HARRISBURG – Shale gas advocates used their fossil fuel of choice — natural gas — to power at least some of the buses that carried them from 13 counties to the state capital Tuesday for a rally to promote the booming industry.
The "Pennsylvania Jobs, Pennsylvania Energy" rally organized by the Marcellus Shale Coalition brought an estimated 3,000 people to the Capitol steps to represent the Pennsylvania companies and people benefiting from shale gas development.
"How about a little 'energy equals jobs' chant?" Gene Barr, president and CEO of the Pennsylvania Chamber of Business and Industry, prompted the crowd after it marched from City Island, across a bridge above the Susquehanna River and down the city streets.
The rally speeches shared a patriotic theme to match the red, white and blue logo of the coalition’s citizens' initiative, United Shale Advocates, or USA. Speakers included people representing manufacturers, conservationists, organized labor, farmers and others.
"Who here believes in freedom and the ability to retain our freedom?" Wayne County farmer Brian Smith asked. "Then you believe in natural gas."
Beth Powell, vice president and general manager of Blair County-based New Pig Energy, said her company makes its spill containment systems using U.S. raw materials and local labor, and it now exports products to Australia and China.
Seeing "huge blocks of manufacturing jobs" leave the state and country for decades, she said, "makes exporting an environmental product to China personally meaningful to me."
"Low-cost energy changes the playing field for manufacturing in Pennsylvania and in the United States," she said.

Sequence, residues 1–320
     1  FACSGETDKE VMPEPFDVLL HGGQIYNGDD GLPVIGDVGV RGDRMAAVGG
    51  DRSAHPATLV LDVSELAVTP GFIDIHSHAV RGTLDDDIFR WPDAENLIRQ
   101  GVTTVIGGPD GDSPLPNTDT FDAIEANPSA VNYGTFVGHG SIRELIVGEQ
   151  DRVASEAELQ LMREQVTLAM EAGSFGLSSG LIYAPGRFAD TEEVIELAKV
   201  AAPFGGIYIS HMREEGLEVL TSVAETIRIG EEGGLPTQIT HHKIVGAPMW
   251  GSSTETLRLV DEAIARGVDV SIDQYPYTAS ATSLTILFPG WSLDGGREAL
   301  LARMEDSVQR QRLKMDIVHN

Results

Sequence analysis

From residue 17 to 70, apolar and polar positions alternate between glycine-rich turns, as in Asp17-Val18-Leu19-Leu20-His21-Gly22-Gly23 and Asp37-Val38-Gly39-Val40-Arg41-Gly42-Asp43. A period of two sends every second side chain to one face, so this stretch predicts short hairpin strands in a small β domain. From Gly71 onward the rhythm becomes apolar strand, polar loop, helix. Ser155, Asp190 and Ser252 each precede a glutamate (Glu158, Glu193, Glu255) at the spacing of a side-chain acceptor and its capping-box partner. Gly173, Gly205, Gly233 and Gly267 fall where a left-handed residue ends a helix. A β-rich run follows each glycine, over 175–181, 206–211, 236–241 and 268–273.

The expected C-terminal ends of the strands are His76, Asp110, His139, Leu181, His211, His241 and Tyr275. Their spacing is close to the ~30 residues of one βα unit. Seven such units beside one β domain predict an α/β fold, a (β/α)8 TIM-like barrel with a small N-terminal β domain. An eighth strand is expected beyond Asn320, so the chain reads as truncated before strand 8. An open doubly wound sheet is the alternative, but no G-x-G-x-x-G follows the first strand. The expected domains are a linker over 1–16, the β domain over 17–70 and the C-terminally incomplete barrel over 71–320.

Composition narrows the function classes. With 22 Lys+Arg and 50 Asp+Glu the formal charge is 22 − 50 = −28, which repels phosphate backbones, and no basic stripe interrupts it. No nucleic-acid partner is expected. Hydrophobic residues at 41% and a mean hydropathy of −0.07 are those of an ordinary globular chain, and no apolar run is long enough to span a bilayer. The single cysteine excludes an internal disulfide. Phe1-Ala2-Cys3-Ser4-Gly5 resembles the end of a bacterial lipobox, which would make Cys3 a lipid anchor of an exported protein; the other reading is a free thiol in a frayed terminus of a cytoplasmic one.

The rally was not held to promote or oppose particular policies — although several speakers urged the crowd to hold their elected representatives responsible for their positions — but it came as some lawmakers from both parties and Democratic candidates for governor are proposing taxing gas extraction to fund education and other programs.
David Davis, one of about 20 supporters who caught a bus to the rally in Washington County early Tuesday, said he has seen the positive difference drilling has made for his county. The owner of a communications business, Mr. Davis joined the rally to learn more about proposed laws and policies.
"I want to gain knowledge so I can understand what the concerns are," he said from his seat at the back of the bus.
A coalition of environmental groups picked up the USA theme by calling themselves United Shale Awareness and launching a website that details problems with drilling, USAwareness.org. The group chartered a plane to pull a banner above the rally that read, "Shale Gas = Dirty Energy" and directed onlookers to the website.
"The real people of the USA — not paid-for corporate hacks — support and want sustainable energy, not dirty fossil fuels," Maya van Rossum, the Delaware Riverkeeper, said in a statement.
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